Don’t Envy JA Konrath…

Instead, work like heck to have the writing career he has.  I have spent quite a bit of time lately reading books by authors (John Locke, Michael Hicks) on “how they sold x amount of books in x amount of time.”  It’s hard not to be envious of their success, but what struck me with those books (the exception being MR Mathias) is how light these books were on real action steps.  Sure, there were some general tips, but when it came to actually executing things, the authors pulled back (for various reasons) and didn’t get into specifics.  But JA Konrath has shared his wealth of knowledge over the years, getting into the nuts and bolts of how he became a successful, selling author.  Some of his points are dated, but many are still valuable today.

Write, Write, Write

It seems such a simple point, but JA Konrath, Michael Hicks, John Locke, and M.R. Mathais all have numerous books available.  Why?  For one thing, more books means more chance for sales, just in sheer numbers.  But there is a bigger reason, one I am experiencing first-hand.

I just got a great review from Easily Mused, for my mystery, This Doesn’t Happen In The Movies.  The reviewer, Tomara, said she would definitely want to read the next book in the series!  Flattering, but think if I had five or ten more Reed Ferguson mystery books available…think I’d sell a few more?  Konrath, Locke and the others get this.  So don’t stop at writing just one or two books.  Keep cranking them out.

And lest we forget this point, make sure your writing is good, if not great. Don’t publish something with a bad story, poor writing, spelling errors, layout issues, typos and so on.  You only hurt yourself in the long run.

Promote, Promote, Promote

Again, this seems obvious, but most authors don’t really grasp this concept.  Oh, you think you do – you set up a blog, you get a Twitter account, maybe you set up a Facebook fan page, and you think you’re done.  The fans will come to you and start buying your books, right?  Wrong!

JA Konrath talks repeatedly about how much he promoted himself when he was a newbie author.  He spent about seventy percent of his time promoting himself.  Seventy percent!  He always made sure to stop by book stores and sign his books, he set up author signings, he attended conferences, and on and on.  In this day and age, authors can’t do that (or don’t have that option if they are self-published) but here’s what they can, and should, do.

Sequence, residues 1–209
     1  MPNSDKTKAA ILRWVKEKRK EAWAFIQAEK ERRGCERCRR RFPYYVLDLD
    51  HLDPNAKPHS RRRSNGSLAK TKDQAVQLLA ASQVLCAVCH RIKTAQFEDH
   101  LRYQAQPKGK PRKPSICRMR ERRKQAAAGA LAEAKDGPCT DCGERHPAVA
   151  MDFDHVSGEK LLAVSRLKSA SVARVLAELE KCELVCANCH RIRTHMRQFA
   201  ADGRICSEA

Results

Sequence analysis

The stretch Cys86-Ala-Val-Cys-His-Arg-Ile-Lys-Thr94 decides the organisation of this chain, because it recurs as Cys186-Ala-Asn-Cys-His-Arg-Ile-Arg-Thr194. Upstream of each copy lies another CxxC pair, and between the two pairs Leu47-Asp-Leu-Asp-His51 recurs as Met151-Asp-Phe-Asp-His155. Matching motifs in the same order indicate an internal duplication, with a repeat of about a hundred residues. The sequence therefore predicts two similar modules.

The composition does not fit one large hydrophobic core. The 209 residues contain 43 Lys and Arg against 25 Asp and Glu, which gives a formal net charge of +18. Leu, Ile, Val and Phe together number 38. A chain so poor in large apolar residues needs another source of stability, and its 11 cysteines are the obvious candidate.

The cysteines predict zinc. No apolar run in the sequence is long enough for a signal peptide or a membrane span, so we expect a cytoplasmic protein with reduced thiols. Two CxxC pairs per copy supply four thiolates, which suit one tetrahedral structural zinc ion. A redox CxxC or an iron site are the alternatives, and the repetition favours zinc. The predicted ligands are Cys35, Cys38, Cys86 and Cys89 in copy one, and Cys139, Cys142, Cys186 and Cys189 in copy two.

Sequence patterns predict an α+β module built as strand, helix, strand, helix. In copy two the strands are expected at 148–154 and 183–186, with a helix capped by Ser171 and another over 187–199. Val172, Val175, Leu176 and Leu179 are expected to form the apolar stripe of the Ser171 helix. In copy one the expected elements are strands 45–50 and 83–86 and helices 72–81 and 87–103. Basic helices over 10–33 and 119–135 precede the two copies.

Twitter, Facebook, and More

Set up that Twitter account but gather a following.  You have to do the work here!  Set up a Facebook fan page, and a landing page!  I know, Facebook gets a bad rap.  It can be a pain to use.  But its potential to sell your books is too great an opportunity to miss.  If you want help with this, talk to me.  Check out my fan page and see what I’m doing there (link).  I’ve learned from some experts and my following is growing daily, and so are my book sales.

Also, take the time to comment on other author’s fan pages.  Yes, this helps them, but it helps you, too!  Why?  Because everyone who sees the comment sees you, the author.  And there will be those curious fans out there who will visit your page.  Another invaluable way to promote yourself.

Get on Goodreads, consider Google +, and other social media sites.  Not only that, just like with Facebook, take the time to be an active presence within those sites.  That is how you are going to make yourself known.  Don’t expect the fans to come to you, you have to go find them.  That’s what JA Konrath, MR Mathias, Michael Hicks, John Locke, and others did.

Network

With other authors.  It’s not about competition.  It’s about support, and opening up doors.  When you help others, they are more willing to help you.  And this opens up doors to readers for you.  It sounds cruel, but in Twitter, if I follow an author and they thank me for following them, but they don’t follow me back…guess what I do?  Unfollow them!  If someone doesn’t get the basic concept of helping each other out, they are not worth my following them.  Same thing on Facebook.  I have a lot of authors who like my page, and I do the same for them.  This isn’t a bad thing, it’s basic marketing.  Following them opens doors for me.  Again, if you have questions about this, contact me.

Spend A Little Money

Pay to have your manuscript edited before you publish it.  Pay for a quality cover.  Pay to go to a writer’s conference, so you can rub elbows with authors, agents, and editors.  You will learn so much…the benefits outweigh the cost enormously.  Pay to take some marketing classes or how-to series for Twitter, Facebook, and so on.  These things can be written off as expenses, but they are valuable to your success.  Don’t get cheap at the expense of your career.  If you’re not willing to spend the money, spend the time to educate yourself in these areas.  You won’t regret it.

Keep At It

Don’t give up.  Your time will come, but you have to play the game.  Connect with me, and let me know if I can help you in any way.  There are plenty of readers for all of us.  Let’s find them!

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2 Responses to Don’t Envy JA Konrath…

  1. Joe Young says:

    Great advice, thanks for sharing!

  2. Thank you, and thanks for reading.

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